Why Some Preachers Rely on Holy Ghostwriters and Other Pulpit Helps
Jed Ostoich needed a job.
He and his wife had bills to pay while they were in graduate school. But his undergraduate degree from Moody Bible Institute left him with few professional skills outside of the ministry.
Then a friend offered him what seemed like the perfect gig. The job paid well—about $20 an hour—and allowed him to put his Bible skills and his graduate studies to work.
That’s how he became a sermon ghostwriter.
“I thought this was great,” recalled Ostoich, who spent several years writing research briefs, sermon outlines and other content for pastors through the Docent Research Group from 2010 to 2014.
Faced with having to come up with new material every week and sometimes several times a week, preachers have long used “pulpit helps” in writing their sermons. They often rely on magazines, subscription services and websites to provide anecdotes, topics and other fodder for sermons. (At least one megachurch even sells “sermon kits”—complete with outlines, graphics and promo videos for other churches to use.)
Some preachers hire researchers to do the Bible reading and background research and interpretation on a specific text—known as exegesis—or to provide insights about cultural trends affecting the church. Others find a ghostwriter to help them put it all together.
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The content produced with the help of services like Docent has a wide audience.
“Docent’s work reaches over a million people every month who are blessed by pastors better equipped to do their work and backed up by excellent research,” the group’s website claims.
Ostoich, a writer from Michigan, thinks sermon ghostwriters and researchers can serve a valid role in the church, under the right circumstances. His first gig as a ghostwriter involved helping the interim pastor of a Texas church. The interim pastor had been on a church’s board of elders and was put in charge after the previous pastor resigned. He’d come out of the business world and had no formal training as a pastor.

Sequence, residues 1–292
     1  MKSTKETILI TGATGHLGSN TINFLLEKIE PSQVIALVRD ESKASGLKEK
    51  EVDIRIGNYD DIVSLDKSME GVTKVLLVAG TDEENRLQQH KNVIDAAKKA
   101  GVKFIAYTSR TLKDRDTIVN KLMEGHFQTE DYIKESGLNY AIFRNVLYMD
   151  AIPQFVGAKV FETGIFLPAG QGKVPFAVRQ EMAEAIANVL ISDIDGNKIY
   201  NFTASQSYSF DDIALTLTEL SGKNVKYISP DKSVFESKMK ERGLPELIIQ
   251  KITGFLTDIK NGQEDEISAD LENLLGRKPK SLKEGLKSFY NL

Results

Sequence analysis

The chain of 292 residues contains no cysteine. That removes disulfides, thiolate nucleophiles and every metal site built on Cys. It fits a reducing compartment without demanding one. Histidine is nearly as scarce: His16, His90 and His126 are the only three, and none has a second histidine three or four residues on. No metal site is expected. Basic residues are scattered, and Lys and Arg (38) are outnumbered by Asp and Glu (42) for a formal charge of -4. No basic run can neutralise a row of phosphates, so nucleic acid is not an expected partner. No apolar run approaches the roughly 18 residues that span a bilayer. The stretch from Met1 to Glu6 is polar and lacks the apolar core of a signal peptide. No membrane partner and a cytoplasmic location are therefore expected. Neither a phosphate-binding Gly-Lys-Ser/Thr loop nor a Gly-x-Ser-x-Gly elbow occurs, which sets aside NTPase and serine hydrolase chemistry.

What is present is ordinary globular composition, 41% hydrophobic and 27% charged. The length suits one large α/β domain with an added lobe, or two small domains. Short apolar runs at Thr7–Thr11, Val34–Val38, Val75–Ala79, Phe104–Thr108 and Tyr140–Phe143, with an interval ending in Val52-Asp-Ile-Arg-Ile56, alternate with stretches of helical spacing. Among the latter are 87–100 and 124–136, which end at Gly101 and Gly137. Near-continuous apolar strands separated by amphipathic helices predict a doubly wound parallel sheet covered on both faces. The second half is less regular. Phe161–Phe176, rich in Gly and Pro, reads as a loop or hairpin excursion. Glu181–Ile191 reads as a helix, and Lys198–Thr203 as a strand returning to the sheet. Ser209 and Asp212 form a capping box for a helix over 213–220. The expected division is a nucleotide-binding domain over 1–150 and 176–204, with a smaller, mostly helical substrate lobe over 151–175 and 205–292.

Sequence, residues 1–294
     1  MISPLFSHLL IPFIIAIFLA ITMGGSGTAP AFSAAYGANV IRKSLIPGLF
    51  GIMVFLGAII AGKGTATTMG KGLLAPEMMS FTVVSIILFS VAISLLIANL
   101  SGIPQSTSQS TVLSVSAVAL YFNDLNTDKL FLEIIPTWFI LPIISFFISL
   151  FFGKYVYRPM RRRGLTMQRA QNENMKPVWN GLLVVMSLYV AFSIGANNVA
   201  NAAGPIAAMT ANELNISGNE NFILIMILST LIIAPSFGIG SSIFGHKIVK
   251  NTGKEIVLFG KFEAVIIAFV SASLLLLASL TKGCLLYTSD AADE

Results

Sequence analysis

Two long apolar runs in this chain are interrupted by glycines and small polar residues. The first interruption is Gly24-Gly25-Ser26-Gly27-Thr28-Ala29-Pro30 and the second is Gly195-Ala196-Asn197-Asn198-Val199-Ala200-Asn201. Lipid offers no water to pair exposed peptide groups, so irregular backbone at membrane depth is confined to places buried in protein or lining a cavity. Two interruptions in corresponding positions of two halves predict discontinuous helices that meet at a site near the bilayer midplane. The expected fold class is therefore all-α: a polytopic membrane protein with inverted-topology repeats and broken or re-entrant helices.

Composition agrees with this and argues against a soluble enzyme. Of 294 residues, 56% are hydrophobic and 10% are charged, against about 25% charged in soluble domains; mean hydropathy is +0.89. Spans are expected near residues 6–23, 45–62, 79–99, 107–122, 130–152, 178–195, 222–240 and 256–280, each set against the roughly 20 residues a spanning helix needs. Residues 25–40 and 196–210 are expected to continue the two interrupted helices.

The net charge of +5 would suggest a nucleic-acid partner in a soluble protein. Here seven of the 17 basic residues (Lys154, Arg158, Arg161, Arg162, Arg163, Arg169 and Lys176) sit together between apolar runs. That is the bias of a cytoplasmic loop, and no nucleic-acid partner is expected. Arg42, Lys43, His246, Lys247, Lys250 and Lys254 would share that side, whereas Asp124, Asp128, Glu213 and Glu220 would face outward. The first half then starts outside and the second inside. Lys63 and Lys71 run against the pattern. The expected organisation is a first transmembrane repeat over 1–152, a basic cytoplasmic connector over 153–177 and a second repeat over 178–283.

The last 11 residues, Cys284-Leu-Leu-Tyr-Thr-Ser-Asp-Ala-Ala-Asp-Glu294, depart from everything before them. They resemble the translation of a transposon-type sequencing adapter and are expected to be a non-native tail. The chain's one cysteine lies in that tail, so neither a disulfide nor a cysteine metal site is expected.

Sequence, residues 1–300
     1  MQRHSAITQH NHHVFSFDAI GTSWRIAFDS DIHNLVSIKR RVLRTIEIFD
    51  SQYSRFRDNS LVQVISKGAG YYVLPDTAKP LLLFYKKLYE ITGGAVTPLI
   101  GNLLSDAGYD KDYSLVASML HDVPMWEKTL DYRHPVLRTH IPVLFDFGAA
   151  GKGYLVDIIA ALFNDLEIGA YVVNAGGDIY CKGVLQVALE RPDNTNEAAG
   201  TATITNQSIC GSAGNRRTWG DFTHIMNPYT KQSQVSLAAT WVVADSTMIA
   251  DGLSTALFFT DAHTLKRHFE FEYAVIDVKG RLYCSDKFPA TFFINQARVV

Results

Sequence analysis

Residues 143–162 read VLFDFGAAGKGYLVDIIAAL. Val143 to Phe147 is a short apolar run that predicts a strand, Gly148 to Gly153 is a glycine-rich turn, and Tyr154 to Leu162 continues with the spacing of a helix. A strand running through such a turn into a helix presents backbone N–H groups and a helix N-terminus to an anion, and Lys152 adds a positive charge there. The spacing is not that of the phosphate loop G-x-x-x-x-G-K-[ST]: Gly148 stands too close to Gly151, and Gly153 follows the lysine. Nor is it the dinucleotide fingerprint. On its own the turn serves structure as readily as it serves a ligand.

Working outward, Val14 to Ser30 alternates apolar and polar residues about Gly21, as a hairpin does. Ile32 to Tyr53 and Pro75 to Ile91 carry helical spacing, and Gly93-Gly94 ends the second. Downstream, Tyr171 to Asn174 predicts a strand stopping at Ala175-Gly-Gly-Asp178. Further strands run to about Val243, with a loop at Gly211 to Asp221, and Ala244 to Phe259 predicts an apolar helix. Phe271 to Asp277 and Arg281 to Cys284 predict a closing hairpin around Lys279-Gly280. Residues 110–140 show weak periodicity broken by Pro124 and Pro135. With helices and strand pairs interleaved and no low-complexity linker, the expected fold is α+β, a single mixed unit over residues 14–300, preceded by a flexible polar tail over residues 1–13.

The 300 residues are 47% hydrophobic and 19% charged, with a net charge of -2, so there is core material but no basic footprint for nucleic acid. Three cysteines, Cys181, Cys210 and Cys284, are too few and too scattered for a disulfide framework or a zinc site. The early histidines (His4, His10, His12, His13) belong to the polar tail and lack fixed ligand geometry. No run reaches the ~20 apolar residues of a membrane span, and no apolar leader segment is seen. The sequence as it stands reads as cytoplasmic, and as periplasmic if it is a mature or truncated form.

Ostoich was asked to lend a hand. He would go through the Bible text for that week’s sermon and summarize the main points, then add some background research about the context for the passage. From there, the pastor would go on and write his own sermon.
“I felt I was helping a guy who needs help,” said Ostoich. “This is in my wheelhouse and if I can provide resources to help him grow and be a good servant at his church, great.”
Ostoich would eventually go on to do ghostwriting projects for Mars Hill Church and Mark Driscoll, including blog posts that ran under Driscoll’s byline. That made Ostoich uncomfortable—as if he was misleading folks who thought they were reading Driscoll’s words.
“The whole thing started to go sour on me at that point,” he said.
Gary Stratton, dean of the school of arts and sciences at Johnson University, a Christian school with campuses in Tennessee and Florida, says pastors, who are already busy with raising money and visiting the sick and teaching classes, are often under tremendous pressure to write compelling sermons every week.
The rise of podcasts and streaming sermons from megachurches have made things worse, with preachers of a local church often being compared to celebrity pastors. For many, preaching a sermon felt as if it became a kind of performance art rather than a spiritual activity and led some preachers to outsource their sermon writing to others or to use other preacher’s sermons, said Stratton.
Stratton thinks that in doing so, they miss out on the spiritual side of writing a sermon.